SBD/Issue 248/NFL Season Preview

NFL Media Notes: CBS' Casserly Talks About Switching To TV Role

Casserly Entering Fifth
Year On "NFL Today"

Former NFL GM Charley Casserly serves as the "insider" for CBS' "The NFL Today," and he said of the difference between the two roles, "When you're with a team, you have to know your division and the people you play every year. So you spend time focusing on that. When you do this job, you focus on all 32 teams and general policies, rules, etc. You look at this as a much broader scope." He added there are "people I talk to in this job I rarely talked to when I was a GM of a team." Casserly: " You could talk to anybody, but you wouldn't necessarily talk to anybody all the time. ... Here, you've got to talk to everybody all the time." When asked how competitive he is with NFL reporters like Fox' Jay Glazer and ESPN' Chris Mortensen and Adam Schefter, Casserly said, "I have great respect for all of them. They're very good at what they do. I have what I would consider my niche in the business. I'm a former general manager. I can talk about things in different veins, as a GM would do it." He added, "I come from a different perspective on things in a lot of ways. ... I honestly don't know what they say on Sundays" (Albany TIMES UNION, 9/10).

BOOM TIME FOR BERMAN: ESPN’s Chris Berman in April signed a multiyear contract extension to stay at the net, but he said of the contract renewal process, “I was really surprised this year when ESPN let my contract run out.” Berman: “This was the first time in a while I had to consider what I might do next. I would have had a place to go: Steve Bornstein is now running the NFL Network. We were talking, and I trusted him.” Berman, who joined ESPN several weeks after it went on the air in '79, said, “I’m fortunate ESPN decided I’m still good enough to carry the flag (BLOOMBERG BUSINESSWEEK, 9/13 issue).

BEHIND THE TALK: In L.A., Tom Hoffarth profiles Pro Football Talk Founder Mike Florio, who proved that a "sports bloggerista of interest can burst through the compostable clutter and bang his own drum on a mainstream media beachhead, even if the murky goal appears only to register as many clicks as possible on a website with lots of network advertising." Florio finds himself "banging it even harder these days ... with NBC's blessing and bankroll." He formed a business partnership with the net last summer that led to "reformatting the site into an across-the-board PFT template." The "next leap of virtual faith is a seamless incorporation of Florio's hourly fact-and-rumor-finding mission as a TV info man." NBC's Dan Patrick said of Florio, "He gets the false label of 'blogger' because he's more than that, and he's made it look pretty easy. It's not like he's an overnight sensation. He's 10 years in the making. But he's learned if you're observant enough, you fit a mold of what people need, you sound authoritative, you work hard and you'll get these kind of opportunities" (L.A. DAILY NEWS, 9/10).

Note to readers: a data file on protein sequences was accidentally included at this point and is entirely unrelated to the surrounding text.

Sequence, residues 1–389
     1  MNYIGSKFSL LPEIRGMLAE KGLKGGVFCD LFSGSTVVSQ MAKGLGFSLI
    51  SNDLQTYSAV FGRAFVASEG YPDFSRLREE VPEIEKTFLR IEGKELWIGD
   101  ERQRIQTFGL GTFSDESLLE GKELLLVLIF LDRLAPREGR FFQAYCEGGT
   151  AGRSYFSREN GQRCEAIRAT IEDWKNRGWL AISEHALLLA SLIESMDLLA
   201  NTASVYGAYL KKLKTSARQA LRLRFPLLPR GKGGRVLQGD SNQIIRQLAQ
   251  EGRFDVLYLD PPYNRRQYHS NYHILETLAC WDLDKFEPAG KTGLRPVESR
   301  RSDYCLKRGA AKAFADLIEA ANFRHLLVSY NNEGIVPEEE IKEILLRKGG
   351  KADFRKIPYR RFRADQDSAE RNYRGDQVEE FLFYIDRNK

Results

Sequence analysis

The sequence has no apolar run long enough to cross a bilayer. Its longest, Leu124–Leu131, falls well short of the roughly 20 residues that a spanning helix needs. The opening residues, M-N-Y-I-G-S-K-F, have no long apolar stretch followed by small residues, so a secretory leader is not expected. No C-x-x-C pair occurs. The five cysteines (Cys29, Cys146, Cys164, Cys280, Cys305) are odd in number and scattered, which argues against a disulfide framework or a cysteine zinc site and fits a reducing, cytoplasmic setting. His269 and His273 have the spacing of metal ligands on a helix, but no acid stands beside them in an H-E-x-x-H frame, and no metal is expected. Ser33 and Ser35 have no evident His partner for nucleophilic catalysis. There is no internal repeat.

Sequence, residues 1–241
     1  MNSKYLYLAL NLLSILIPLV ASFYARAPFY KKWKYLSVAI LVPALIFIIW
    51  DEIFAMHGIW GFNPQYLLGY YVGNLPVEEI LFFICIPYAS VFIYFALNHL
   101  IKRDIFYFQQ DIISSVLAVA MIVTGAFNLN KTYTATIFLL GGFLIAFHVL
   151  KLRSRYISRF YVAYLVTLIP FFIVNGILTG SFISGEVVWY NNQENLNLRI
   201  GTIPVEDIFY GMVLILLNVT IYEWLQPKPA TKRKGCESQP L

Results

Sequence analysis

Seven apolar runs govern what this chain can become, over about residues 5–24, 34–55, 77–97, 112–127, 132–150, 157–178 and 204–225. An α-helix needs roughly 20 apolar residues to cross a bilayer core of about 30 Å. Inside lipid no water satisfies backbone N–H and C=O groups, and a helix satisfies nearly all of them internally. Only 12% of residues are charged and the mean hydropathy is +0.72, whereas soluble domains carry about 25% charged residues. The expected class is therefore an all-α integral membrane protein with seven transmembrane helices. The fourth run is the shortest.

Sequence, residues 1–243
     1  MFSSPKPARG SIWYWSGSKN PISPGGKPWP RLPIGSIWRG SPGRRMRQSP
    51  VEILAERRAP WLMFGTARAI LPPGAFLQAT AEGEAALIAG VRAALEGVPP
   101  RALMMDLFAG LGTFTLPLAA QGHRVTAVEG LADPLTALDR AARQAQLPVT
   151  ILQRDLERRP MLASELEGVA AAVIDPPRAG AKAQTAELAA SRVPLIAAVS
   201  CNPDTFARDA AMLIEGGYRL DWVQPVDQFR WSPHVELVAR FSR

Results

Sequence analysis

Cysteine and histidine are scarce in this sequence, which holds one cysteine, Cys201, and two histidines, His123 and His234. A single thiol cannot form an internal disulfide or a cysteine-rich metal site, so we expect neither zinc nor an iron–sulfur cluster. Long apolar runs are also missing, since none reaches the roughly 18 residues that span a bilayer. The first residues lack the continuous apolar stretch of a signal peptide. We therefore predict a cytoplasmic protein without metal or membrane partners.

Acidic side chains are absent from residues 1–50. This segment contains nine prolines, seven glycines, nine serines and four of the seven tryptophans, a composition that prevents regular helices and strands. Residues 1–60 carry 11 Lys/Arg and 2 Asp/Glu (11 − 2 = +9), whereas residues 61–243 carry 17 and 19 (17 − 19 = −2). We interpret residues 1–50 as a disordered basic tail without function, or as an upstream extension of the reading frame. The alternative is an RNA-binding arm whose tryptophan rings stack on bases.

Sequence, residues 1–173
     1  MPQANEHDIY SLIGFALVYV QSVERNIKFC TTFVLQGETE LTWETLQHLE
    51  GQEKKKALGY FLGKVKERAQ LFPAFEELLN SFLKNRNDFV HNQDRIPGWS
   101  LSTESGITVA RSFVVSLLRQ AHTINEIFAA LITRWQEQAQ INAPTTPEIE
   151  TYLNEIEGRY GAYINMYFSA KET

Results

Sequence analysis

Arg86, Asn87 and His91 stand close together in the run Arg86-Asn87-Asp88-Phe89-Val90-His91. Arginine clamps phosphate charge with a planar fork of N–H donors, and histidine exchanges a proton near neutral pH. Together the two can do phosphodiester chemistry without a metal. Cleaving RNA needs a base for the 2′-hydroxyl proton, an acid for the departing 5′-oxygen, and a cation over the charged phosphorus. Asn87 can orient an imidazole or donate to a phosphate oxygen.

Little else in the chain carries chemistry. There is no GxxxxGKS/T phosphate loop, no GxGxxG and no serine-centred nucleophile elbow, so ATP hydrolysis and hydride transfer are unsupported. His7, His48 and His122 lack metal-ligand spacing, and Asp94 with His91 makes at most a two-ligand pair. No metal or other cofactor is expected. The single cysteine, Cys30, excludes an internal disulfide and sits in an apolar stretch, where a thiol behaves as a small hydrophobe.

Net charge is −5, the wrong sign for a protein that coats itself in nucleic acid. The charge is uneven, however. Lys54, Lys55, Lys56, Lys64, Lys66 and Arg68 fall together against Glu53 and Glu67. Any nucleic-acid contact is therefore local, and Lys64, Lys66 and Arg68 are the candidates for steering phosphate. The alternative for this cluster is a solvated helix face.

NORTHERN LIGHT: The GLOBE & MAIL's Bruce Dowbiggin writes within two years of the launch of the NFL RedZone channel, this "adrenaline shot to the eyeballs has become the most popular feature" on DirecTV's Sunday Ticket service in the U.S. RedZone is "available on Week 1 of the NFL season" in Canada "for a price." Carriers such as Bell and Rogers are offering 50% off the $49.95 price "for existing Sunday Ticket customers for both HD and standard def," while "others who wish to forgo the game broadcasts can purchase the channel at full price" (GLOBE & MAIL, 9/10).

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